AS: Savour Australia, SIP seminars, trade/media trips to Australia, dance floor antics, that sort of thing! The in-market education is critical and consistent, annual seminars are well-received. Also, we work closely with the Liquor Board buyers and category teams to ensure we are front of mind as a category, sharing data and longer-term strategies for Australian growth. We are always looking for ways to engage influencers in market, however what really makes a difference for influencers & decision makers is being able to visit Australia and experience our wines and wine culture first hand. I’m working hard to secure funding and regional/state partners that are equally dedicated to hosting influencers in Australia.

GFR: Being in the role you are, you must get to taste so many Australian wines. What is currently exciting you? Any bottling or wine styles that we should be looking out for?

AS: 2012 South Australia reds are excellent. Very exciting. I have been drinking a lot of Cabernet (from all over the world) and Cab from Coonawarra, Margaret River and Barossa are delicious and knock my hometown of Napa right out of the park! Shiraz – for me, it’s got to be regional and I love to open a few distinct Shiraz and try them side by side. Bright, sassy spice vs lusher, dark fruits vs high notes & acidity. Aussie shiraz spans the spectrum.

GFR: You just recently made a big announcement at the Vancouver Playhouse Festival. Would you care to tell us a little about this?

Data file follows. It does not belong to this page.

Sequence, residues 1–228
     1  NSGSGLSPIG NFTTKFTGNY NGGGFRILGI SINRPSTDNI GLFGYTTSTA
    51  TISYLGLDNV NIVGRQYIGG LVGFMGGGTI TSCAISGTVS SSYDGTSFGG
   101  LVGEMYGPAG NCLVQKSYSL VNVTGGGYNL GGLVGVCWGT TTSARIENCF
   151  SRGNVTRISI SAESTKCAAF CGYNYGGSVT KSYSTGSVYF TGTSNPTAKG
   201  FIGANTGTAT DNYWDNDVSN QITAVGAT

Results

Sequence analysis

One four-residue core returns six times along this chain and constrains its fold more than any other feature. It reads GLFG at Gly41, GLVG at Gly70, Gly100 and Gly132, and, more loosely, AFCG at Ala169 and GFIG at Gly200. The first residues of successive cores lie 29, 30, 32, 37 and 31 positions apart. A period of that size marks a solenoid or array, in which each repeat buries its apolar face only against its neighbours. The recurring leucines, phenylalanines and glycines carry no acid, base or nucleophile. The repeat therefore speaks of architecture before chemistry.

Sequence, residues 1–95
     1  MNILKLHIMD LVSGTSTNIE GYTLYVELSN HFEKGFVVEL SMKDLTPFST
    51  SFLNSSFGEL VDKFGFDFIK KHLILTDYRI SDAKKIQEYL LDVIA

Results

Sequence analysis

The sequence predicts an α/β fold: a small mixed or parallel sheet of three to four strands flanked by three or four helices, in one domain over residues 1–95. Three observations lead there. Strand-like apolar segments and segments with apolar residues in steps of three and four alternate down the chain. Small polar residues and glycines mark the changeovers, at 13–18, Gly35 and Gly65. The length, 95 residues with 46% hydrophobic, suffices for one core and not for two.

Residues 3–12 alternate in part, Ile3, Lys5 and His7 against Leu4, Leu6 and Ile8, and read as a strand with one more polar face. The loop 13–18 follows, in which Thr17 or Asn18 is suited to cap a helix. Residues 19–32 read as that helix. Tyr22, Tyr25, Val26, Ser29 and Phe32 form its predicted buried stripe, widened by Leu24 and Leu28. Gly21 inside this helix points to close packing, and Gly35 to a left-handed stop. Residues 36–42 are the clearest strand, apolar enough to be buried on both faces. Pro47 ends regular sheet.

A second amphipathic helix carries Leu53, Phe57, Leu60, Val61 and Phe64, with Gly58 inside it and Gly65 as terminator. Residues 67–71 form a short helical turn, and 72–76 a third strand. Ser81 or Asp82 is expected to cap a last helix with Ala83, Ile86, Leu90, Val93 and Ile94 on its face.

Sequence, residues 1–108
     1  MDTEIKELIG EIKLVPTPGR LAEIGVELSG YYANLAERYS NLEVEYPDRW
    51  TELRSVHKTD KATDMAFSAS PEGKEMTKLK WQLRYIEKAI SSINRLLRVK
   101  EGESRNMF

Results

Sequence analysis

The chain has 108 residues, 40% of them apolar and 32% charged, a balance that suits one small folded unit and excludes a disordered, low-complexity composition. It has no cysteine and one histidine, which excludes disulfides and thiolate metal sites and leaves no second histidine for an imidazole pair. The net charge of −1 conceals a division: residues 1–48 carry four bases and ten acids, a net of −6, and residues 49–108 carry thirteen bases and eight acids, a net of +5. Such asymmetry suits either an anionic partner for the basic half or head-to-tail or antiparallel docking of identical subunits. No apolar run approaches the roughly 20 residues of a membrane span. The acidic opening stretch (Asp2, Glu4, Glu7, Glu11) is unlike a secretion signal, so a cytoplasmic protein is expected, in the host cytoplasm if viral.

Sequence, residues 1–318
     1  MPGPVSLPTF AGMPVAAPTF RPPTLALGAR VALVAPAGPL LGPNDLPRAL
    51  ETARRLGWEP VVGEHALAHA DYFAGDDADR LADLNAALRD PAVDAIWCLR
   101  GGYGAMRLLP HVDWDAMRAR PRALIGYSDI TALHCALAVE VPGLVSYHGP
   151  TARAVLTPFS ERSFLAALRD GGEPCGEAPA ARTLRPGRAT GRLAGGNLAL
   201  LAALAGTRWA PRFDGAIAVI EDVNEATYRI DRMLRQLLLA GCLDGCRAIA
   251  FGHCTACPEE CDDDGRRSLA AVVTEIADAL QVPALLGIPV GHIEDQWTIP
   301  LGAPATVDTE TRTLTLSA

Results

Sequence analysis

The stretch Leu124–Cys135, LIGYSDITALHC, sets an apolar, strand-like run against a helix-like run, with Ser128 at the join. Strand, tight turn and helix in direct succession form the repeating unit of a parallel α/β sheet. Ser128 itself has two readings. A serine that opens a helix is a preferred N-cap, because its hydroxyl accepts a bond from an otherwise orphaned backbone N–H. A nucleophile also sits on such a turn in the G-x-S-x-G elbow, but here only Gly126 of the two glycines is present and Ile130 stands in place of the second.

AS: Australia will be the theme country for the 2015 Vancouver Int’l Wine Festival! We are already super busy planning the seminars and events. The program is shaping up nicely and we have a lot of Aussie wineries that are going to be involved. It’s going to be a major Aussie entourage and a great opportunity to experience Australia right here in Canada. To that end, I’m trying to secure extra funding to bring media & trade influencers from across Canada to Vancouver for this event. If I can’t get them all to Australia….I’m hoping to get many to join us in Vancouver!

GFR: You recently had your big tasting at Toronto’s AGO. When can we expect to see Wine Australia in town once again?

AS: Yes indeed. We are going to do an annual trade/media seminar in Toronto, as these have been quite popular. We are going to make the seminar a tad larger next year. We had to turn a lot of people away last February, simply due to space limitations. We will switch up a larger walk around trade tasting to every other year. We are looking at a larger trade/consumer event this February 2015 – in collaboration with our friends from other southern hemisphere countries. Stay tuned!

GFR: Angela, thank you so much for your time. Always a pleasure.

AS: You are very welcome! The pleasure is mine.

Jamie DrummondEdinburgh-born/Toronto-based Sommelier, consultant, writer, judge, and educator Jamie Drummond is the Director of Programs/Editor of Good Food Revolution
… And he does enjoy his Hunter Semillon.